W3C home > Mailing lists > Public > www-rdf-interest@w3.org > May 2003

Re: Standard URI Set, and Resource Description Protocol (rdp://)

From: Sherman Monroe <shermanmonroe@yahoo.com>
Date: Wed, 21 May 2003 15:38:44 -0700 (PDT)
Message-ID: <20030521223844.54168.qmail@web14702.mail.yahoo.com>
To: Kevin Smathers <kevin.smathers@hp.com>
Cc: Jon Hanna <jon@spin.ie>, www-rdf-interest@w3.org
>> Jon was asking how to find the URI, not how to define it. 

Oops, sorry about that Jon.
 
You're right, the issue of *locating* the URI for a concept that is defined as an assertion is indeed alot more tricky. I think Kevin is on to something with his parameter-based approach. 

Kevin Smathers <kevin.smathers@hp.com> wrote:
Jon was asking how to find the URI, not how to define it. 

My suggestion would be to search a pychological dictionary (built on top 
of Sherman's URIs) for terms related to anxiety. Since Sherman isn't 
tackling literals, we can assume that 'anxiety' is just listed literally 
in the dictionary. The URIs that relate the literal 'anxiety' to 
specific anxious conditions that refine the basic idea would presumably 
be based on some ontology that Sherman had taken from elsewhere and 
1,$s/http:/rdp:/g. Follow the right relationship, verify it by following 
a class or type relationship and verifying that you are talking about a 
state of mind, and voila, you've found the URI for your condition.

Cheers,
-kls

Sherman Monroe wrote:

> The answer to this question is related to linguistics. The lexicon is 
> created actively by the brain. The brain indexes the objects it 
> encounters throught the senses, and assigns them all "symbols" which 
> can be used to /re/-present the object. In this sense, the symbol 
> "stands for" the object.
> 
> The concepts for which symobls have been provided are, again, 
> selectively chosen. These are generally concrete objects that can be 
> physically observed and sensed. Language developed to allow the 
> transimission of "assertions" about these objects. As the language 
> grows more complex, the more assertions are available for representation.
> 
> RDF URI's are like the vocabulary for the semantic web language. The 
> very nature of a natural language "vocabulary" limits it to describing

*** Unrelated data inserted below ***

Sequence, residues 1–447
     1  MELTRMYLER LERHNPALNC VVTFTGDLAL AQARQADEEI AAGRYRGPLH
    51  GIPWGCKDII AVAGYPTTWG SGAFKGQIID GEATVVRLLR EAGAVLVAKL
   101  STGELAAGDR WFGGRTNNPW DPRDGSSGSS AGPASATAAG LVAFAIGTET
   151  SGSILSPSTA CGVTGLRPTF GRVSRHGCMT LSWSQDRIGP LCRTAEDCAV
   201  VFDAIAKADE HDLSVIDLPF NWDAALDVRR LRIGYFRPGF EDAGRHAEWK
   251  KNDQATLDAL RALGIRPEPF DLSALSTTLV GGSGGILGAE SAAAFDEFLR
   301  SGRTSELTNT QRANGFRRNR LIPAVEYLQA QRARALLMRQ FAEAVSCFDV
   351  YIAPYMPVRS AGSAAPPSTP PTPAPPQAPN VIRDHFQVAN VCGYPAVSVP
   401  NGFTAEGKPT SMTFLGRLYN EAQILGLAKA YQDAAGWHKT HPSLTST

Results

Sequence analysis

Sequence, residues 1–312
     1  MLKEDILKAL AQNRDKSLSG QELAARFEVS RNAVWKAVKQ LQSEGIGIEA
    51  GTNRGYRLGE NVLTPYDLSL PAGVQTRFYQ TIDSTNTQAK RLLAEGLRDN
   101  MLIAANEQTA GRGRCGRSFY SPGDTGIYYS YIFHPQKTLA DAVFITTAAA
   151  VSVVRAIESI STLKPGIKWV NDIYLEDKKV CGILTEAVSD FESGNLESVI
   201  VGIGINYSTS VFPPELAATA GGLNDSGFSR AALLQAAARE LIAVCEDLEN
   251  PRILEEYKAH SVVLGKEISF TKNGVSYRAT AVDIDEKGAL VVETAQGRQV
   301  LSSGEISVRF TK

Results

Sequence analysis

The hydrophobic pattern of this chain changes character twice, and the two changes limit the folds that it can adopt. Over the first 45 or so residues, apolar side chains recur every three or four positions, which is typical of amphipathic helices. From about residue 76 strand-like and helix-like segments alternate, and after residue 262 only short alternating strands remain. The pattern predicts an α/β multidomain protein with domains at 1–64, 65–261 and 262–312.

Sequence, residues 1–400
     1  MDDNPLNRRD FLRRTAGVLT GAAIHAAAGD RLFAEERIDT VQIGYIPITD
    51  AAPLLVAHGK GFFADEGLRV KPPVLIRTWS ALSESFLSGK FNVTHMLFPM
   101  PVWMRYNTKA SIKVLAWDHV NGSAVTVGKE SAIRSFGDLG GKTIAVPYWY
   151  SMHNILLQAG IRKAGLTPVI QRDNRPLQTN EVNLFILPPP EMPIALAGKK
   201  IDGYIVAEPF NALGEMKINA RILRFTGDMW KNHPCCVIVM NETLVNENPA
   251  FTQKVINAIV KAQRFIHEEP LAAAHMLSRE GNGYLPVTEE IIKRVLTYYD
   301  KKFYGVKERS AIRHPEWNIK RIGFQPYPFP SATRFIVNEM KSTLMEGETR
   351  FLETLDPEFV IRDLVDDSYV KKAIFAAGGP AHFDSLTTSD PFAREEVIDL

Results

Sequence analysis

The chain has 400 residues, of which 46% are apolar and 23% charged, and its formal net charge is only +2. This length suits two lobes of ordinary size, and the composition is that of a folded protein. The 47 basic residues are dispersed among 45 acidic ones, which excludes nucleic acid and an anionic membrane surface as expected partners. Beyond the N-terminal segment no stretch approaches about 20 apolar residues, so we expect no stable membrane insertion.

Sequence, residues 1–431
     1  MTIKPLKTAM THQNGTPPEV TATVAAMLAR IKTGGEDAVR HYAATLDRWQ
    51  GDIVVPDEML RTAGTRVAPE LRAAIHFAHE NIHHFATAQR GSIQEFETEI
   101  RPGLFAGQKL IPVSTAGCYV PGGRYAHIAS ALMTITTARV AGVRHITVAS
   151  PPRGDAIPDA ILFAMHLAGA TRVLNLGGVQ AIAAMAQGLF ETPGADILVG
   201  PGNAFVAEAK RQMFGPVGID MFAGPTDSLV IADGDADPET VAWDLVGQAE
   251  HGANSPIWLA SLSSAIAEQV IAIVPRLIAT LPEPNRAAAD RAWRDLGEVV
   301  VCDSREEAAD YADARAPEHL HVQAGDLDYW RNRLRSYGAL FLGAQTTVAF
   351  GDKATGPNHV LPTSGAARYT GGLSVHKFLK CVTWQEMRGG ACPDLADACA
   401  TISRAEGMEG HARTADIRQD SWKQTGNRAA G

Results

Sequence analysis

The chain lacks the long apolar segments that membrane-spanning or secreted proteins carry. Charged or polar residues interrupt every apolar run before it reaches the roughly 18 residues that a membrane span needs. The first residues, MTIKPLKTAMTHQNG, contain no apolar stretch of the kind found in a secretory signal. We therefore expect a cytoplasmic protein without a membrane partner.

> only discreet objects and concepts, as there are natural limits to the 
> indexing capacity of the brain. But a machine vocabulary could in 
> theory contain a "term" that re-presents each assertion, as assertions 
> are themselves concepts. Reification, for example, provides a way of 
> assigning a term for these complex concepts.
> 
> As for your example, you would first have to represented it as an RDF 
> model, using availiable ontologies for expressing complex concepts. 
> Then, if you wanted to assign a URI to express or re-present that 
> complex concept, I suggest you reify it.
>
> 
> -sherman
>
> */Jon Hanna /* wrote:
>
>
> I'd have quite a few questions about this. My first though would
> be how do I
> find out the URI for the ominous feeling when you can't think of
> anything
> you need to do, but something at the back of your mind tells you
> that there
> is something really important you should do as a matter of urgency?
>
> ------------------------------------------------------------------------
> Do you Yahoo!?
> The New Yahoo! Search 
> - 
> Faster. Easier. Bingo. 



-- 
========================================================
Kevin Smathers kevin.smathers@hp.com 
Hewlett-Packard kevin@ank.com 
Palo Alto Research Lab 
1501 Page Mill Rd. 650-857-4477 work 
M/S 1135 650-852-8186 fax 
Palo Alto, CA 94304 510-247-1031 home 
========================================================
use "Standard::Disclaimer";
carp("This message was printed on 100% recycled bits.");




---------------------------------
Do you Yahoo!?
The New Yahoo! Search - Faster. Easier. Bingo.
Received on Wednesday, 21 May 2003 18:38:50 GMT

This archive was generated by hypermail 2.2.0+W3C-0.50 : Monday, 7 December 2009 10:51:59 GMT